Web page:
Science, with its extreme dependencies, enables opportunists in particular to exploit the potential for abuse of power.

BRIGITTE: What do you imagine by abuse of power in science?

Sophia Hohmann: Abuse of power in science is very diverse, so it is impossible to name all of its manifestations. As a member of the power-critical network against abuse of power in science, I do not consider the understanding of abuse of power to be final. Because this can also give rise to potential for abuse of power. I continue to learn new things through the members and my involvement in the network, among other things, and I have no authority over the abuse of power in science.
What all manifestations have in common is that people are in a more powerful position compared to other people. They abuse this position, for example when they gain an advantage for themselves and/or harm another person. This may sound like a calculated action, but it doesn’t necessarily have to be. Science, with its extreme dependencies, enables opportunists in particular to exploit the potential for abuse of power.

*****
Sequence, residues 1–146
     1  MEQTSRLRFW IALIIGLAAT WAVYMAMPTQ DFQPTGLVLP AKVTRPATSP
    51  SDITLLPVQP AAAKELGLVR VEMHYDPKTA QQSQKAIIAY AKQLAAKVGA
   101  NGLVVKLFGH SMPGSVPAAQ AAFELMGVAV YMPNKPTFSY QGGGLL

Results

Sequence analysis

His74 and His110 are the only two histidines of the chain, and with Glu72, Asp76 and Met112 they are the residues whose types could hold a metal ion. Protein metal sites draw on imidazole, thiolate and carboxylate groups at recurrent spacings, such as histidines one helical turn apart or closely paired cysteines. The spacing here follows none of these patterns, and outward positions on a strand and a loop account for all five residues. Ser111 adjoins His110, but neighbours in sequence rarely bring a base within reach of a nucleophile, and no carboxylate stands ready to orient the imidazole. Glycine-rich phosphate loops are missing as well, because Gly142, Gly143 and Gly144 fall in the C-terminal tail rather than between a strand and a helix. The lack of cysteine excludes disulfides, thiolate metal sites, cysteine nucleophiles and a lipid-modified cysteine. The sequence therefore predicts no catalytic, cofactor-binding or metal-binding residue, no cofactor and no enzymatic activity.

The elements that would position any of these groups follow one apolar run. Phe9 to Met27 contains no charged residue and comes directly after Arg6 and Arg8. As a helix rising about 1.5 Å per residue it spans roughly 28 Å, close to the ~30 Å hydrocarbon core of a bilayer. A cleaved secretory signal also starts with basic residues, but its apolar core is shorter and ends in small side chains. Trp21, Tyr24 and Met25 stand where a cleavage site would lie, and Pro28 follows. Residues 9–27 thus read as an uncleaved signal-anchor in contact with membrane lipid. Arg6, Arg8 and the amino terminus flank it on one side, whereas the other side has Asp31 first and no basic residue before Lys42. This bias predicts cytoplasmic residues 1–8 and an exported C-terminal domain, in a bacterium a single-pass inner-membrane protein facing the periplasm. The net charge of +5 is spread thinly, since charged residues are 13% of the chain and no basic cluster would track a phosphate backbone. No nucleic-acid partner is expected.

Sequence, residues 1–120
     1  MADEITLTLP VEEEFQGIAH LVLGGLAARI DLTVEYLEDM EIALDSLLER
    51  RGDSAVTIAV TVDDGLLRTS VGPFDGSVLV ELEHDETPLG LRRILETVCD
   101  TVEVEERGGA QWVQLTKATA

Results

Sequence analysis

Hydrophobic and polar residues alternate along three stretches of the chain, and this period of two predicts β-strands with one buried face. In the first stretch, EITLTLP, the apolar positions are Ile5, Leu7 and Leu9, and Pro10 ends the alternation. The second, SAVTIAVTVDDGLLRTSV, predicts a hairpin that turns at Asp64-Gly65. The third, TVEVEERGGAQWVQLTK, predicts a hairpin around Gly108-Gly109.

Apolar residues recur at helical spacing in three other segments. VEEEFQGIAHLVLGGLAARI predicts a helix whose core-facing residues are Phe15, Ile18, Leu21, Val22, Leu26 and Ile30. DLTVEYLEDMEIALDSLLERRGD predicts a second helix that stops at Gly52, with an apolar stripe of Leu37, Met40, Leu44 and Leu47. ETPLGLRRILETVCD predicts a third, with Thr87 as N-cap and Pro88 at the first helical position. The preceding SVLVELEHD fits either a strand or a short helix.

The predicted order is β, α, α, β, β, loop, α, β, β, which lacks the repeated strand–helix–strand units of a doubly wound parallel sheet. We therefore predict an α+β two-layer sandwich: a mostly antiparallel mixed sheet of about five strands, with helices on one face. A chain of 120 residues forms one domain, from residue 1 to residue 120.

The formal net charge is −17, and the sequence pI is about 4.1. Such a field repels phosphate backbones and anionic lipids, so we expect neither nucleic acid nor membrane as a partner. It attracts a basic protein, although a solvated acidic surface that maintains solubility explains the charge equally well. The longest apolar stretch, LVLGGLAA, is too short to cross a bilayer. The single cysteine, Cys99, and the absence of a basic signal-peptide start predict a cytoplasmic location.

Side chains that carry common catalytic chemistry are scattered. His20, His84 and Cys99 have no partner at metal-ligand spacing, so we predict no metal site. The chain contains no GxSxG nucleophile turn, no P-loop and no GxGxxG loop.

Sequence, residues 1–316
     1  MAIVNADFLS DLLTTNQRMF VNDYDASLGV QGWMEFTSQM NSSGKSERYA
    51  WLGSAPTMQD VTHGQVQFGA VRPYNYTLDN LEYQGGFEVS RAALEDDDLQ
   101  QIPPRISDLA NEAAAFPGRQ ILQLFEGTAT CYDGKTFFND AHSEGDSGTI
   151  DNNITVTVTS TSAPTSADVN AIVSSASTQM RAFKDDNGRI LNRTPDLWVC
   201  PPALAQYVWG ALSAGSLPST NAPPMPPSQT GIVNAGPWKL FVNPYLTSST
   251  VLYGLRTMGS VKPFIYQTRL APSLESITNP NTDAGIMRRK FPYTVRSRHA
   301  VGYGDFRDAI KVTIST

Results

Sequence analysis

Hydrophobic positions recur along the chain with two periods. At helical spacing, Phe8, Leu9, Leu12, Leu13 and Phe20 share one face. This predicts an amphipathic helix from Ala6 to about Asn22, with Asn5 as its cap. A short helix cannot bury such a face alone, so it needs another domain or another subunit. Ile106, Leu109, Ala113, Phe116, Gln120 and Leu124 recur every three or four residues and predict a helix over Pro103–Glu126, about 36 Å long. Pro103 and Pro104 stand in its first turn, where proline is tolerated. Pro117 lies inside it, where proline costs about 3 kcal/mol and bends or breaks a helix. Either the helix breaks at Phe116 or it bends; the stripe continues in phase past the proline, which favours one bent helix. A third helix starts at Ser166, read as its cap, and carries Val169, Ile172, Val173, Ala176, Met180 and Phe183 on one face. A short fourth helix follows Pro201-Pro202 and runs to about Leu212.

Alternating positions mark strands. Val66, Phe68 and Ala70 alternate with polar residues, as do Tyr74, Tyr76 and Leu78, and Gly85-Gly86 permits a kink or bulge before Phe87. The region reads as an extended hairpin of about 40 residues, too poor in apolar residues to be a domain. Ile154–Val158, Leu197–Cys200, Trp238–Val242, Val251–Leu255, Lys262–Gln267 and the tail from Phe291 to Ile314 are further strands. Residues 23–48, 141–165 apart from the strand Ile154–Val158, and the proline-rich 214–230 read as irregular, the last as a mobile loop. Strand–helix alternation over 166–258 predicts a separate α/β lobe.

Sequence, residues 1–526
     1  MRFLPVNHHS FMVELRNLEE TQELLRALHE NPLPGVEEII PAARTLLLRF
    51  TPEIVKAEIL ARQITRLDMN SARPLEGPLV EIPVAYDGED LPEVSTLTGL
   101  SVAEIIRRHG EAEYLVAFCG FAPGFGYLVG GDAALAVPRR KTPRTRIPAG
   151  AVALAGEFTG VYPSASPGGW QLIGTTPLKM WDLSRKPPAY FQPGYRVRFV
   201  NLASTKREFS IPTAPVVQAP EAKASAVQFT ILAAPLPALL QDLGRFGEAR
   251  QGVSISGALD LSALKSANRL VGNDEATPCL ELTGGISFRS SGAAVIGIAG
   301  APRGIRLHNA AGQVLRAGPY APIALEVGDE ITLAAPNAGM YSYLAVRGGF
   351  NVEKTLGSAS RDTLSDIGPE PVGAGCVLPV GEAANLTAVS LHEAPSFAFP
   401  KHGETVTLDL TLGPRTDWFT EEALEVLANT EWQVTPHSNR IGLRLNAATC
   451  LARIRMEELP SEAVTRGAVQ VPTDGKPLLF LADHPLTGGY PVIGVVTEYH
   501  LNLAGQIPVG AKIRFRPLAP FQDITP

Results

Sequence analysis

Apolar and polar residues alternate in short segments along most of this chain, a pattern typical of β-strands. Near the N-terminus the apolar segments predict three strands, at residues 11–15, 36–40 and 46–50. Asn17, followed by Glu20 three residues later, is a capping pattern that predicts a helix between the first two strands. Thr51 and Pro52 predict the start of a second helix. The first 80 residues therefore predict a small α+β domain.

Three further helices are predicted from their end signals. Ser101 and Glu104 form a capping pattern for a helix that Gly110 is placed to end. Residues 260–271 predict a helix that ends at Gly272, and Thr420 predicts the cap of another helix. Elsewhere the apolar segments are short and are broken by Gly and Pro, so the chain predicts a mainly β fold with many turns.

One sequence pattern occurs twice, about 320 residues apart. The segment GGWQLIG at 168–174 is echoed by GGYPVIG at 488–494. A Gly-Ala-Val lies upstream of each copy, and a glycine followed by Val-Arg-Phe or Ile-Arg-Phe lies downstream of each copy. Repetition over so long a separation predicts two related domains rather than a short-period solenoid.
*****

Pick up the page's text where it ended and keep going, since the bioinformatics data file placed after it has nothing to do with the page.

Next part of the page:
In what constellations can abuse of power occur in science?

Accordingly, abuse of power in science occurs in very different constellations – for example in the constellation of supervisors of theses and students. But there can also be abuse of power between colleagues who should formally have the same amount of power. When it comes to doctoral theses, it is often the case that supervisors are also superiors. When a person combines multiple roles, the potential for abuse of power is particularly high. And there are more and more roles like this in science.